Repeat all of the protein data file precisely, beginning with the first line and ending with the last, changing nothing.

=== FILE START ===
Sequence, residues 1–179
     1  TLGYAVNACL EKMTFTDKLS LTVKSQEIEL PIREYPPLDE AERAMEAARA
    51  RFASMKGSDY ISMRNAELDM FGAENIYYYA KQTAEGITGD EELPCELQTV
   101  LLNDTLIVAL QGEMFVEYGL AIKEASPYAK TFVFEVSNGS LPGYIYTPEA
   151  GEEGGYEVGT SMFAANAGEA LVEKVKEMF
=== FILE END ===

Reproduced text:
Sequence, residues 1–179
     1  TLGYAVNACL EKMTFTDKLS LTVKSQEIEL PIREYPPLDE AERAMEAARA
    51  RFASMKGSDY ISMRNAELDM FGAENIYYYA KQTAEGITGD EELPCELQTV
   101  LLNDTLIVAL QGEMFVEYGL AIKEASPYAK TFVFEVSNGS LPGYIYTPEA
   151  GEEGGYEVGT SMFAANAGEA LVEKVKEMF